Comparative AND Reconstructive Method

Wed Aug 4 17:13:26 UTC 1999

In a message dated 8/3/99 7:27:07 PM, kurisuto at writes:

>   As a matter of terminology, the kind of argumentation you propose
>here falls outside the Comparative Method.  It's true that we do sometimes
>fall back on this kind of external guesswork, but it's the sort of special
>pleading you make to bolster some assumption which you need for your

It is more common than such a statement would lead us to think.

>   In any case, I'd be really careful in assuming that phonological
>rules always apply across entire classes of categories.  It's true that
>things often do work this way, but they don't always.

Completely agree.  If they often do work this way, then the presence
of some parts of such a pattern makes the occurrence of other parts of the
same pattern more probable, to some marginal degree.
That is all I intended, and all I would claim.
No set of evidence is ever completely conclusive in any absolute sense.
Of course not.  But...
We do use "circumstantial evidence" in all aspects of life.

>   Around 12 years ago, I was interviewing a speaker of the South
>Midlands dialect area of American English.  In this dialect, /I/ > /i/ for
>some speakers, and /U/ > /u/ for some speakers.  I assumed that if the
>speaker had one rule, she'd have the other as well; I figured that the
>general rule was "high lax vowels become tense".  To my great surprise,
>she had the second rule but not the first.  There was no denying what I
>was hearing; my assumptions about the expected symmetry within the system
>were just plain wrong.
>   I've fallen into this same kind of trap plenty of other times.
>There are so many cases of beautiful symmetry and parallelism in
>phonological systems that it's an ongoing challenge to remember that
>things don't always work out so neatly.  Even in the Japanese case that
>you give, there are recent loan words (e.g. tiishatsu "T-shirt") to mess
>up the nice symmetry of the system.

There are actually many older Sino-Japanese loans too
"sha sho shu she" all exist in such loans.
(Actually, I did NOT make the claim implied here,
I was not claiming that "shi" MUST derive historically
only from *si, merely that there is an asymmetrical sub-system,
which happens to be native not in loan words, in which it does.)

>> One of them I am quite certain is to develop both articulatory and
>> acoustic "spaces", relative "distances" between different articulations
>> and different acoustic effects, so that when attempting to judge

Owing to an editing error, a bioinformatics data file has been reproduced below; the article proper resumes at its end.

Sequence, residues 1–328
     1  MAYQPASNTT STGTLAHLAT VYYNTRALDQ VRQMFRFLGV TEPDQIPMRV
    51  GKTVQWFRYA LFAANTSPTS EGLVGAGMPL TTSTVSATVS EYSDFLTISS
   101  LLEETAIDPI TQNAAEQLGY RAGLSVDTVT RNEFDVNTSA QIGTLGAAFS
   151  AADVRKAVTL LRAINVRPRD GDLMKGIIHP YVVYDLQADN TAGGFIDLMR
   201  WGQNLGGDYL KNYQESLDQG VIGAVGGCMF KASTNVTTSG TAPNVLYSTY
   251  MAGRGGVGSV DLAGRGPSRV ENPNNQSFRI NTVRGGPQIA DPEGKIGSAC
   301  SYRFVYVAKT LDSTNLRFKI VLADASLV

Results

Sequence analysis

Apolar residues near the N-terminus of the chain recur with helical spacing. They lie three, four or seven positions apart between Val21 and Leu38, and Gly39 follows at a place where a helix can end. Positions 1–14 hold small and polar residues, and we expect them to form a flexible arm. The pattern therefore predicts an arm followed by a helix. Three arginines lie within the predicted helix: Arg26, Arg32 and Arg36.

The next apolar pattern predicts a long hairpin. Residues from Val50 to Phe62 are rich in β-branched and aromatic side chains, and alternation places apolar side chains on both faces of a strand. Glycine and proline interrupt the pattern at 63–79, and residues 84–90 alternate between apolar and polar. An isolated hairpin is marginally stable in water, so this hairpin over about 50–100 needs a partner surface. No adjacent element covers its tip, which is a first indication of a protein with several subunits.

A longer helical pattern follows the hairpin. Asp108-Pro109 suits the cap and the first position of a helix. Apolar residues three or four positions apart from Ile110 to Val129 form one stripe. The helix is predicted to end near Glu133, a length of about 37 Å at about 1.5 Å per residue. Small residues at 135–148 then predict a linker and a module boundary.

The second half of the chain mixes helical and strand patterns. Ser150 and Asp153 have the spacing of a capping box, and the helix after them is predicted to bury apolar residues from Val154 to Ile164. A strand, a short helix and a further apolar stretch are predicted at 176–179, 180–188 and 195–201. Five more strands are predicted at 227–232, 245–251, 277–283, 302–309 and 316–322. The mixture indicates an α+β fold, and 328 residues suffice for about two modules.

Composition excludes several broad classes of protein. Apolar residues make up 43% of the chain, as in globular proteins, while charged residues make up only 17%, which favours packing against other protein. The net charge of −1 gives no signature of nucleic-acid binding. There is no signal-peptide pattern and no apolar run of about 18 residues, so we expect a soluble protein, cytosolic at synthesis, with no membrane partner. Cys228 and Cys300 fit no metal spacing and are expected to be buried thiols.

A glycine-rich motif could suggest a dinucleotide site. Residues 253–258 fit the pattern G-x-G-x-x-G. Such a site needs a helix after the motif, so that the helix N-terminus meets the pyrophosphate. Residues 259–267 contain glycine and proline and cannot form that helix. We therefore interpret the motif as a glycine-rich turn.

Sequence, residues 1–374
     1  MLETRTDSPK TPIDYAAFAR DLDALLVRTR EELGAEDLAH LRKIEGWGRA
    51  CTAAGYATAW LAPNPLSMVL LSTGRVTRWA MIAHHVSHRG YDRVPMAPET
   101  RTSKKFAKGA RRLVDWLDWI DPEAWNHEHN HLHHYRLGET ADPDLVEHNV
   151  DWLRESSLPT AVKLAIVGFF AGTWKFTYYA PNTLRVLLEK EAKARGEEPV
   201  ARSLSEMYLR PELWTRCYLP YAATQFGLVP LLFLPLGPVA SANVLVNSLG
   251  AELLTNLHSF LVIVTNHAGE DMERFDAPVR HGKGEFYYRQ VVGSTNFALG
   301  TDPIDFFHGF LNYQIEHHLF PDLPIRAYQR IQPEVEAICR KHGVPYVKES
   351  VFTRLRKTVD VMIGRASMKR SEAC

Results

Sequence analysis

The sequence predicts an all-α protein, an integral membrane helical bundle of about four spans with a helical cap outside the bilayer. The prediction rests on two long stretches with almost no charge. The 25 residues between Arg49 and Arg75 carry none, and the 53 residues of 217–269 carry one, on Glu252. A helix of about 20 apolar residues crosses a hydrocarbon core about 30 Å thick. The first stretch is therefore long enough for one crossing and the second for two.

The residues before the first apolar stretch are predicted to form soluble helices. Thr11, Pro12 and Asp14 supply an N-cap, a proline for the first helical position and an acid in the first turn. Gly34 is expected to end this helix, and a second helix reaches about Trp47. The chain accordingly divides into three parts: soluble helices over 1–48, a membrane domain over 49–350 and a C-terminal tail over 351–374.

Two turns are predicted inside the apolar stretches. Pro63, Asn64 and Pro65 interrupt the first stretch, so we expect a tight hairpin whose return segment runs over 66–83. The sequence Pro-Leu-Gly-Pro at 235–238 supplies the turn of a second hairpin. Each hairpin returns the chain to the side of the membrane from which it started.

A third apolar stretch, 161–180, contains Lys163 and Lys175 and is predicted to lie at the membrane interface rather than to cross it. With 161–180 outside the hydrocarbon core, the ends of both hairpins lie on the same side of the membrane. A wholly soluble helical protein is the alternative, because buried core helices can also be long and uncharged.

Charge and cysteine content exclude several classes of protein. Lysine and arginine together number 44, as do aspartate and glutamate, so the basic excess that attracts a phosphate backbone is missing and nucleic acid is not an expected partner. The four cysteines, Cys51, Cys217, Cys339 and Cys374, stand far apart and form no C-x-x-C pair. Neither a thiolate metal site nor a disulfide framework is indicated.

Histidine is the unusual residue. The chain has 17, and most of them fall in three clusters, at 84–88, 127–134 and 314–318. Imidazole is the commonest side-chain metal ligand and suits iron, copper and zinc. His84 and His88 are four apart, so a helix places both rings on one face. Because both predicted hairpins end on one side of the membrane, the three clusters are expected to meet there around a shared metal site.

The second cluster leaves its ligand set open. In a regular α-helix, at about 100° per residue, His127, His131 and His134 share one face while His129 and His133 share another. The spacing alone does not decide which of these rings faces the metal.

>> likelihood of cognacy of pairs of words, we can judge similarity
>> by degrees, not by yes/no dichotomies.  (These will partly depend
>> on the general typology of the sound systems of the languages
>> concerned, they will not be completely universal, but they will
>> also not be completely idiosyncratic.)

>The Comparative Method is concerned with the reconstruction of categories,
>_not_ the phonetic values which might have been the realization of those
>categories.  This is a very important point.  When we talk about
>Proto-Indo-European */a/, we don't mean "the phonological category in
>Proto-Indo-European which had the phonetic realization [a]"; we mean "the
>hypothetical PIE category which gave rise to the Sanskrit category /a/,
>the Latin category /a/, etc."

Agreed in part, in part not.
We DO and MUST mean not merely something which represents a set of
correspondences, we DO and MUST mean something WHOSE PHONETIC
SUBSTANCE could have given rise to the observed attestation.
(We can easily make errors, as reconstructing c-hachek (English "ch")
because it occurs in a wide range of descendant languages, where it might
have gotten there by drift in each descendant separately, and the actual form
of the proto-language had *ky for all of these.)

Therefore the following is not valid:

>As far as the Comparative Method is concerned, we could designate that
>category with an integer, e.g. "Category 27".  */a/ is just a convenient
>label or nickname for it.

Re the following, the hypothesized proto-form should be much more than
merely a guess, it should be a highly-educated hypothesis or estimate,
resting not on "intuition" but on educated reasoning and experience.

>Along with that label comes a built-in guess
>about what the prehistoric phonetic value for that category might have
>been, but this is _just_ a guess; the actual phonetic value is beyond the
>reach of the Comparative Method.

Whether one calls it "Comparative Method" or not,
Calvert Watkins is absolutely correct, that the RESULTS of the valid
application of the method must in general aim at a reconstructed language
FROM WHICH one can derive the hypothesized descendants,
(of course preferably by mechanisms of language change
which are known to occur, though we must allow for discovering new ones).

The substance of the reconstructions DOES matter.

If some wish to call this "Reconstructive Method", and distinguish it from
a very narrow sense of the "Comparative Method",
then they will logically be forced to CEASE applying the term
"comparative method" to much of what we traditionally have called that.
The "comparative method" includes, ideally, the "reconstructive" aspects also.
There is no point in trying to define it to exclude those,
because they are part and parcel of the best comparative practice.

Quite the contrary, making EXPLICIT that comparative method includes
reconstructive method, and is NOT mere superficial comparison,
is quite consistent with what many traditionalists maintain.

Making this explicit allows us to IMPROVE AND EXTEND the totality
of our comparative & reconstructive methods.
Hiding it under the rug blocks progress,
and misrepresents to students what we think know and how we know it.

Lloyd Anderson
Ecological Linguistics

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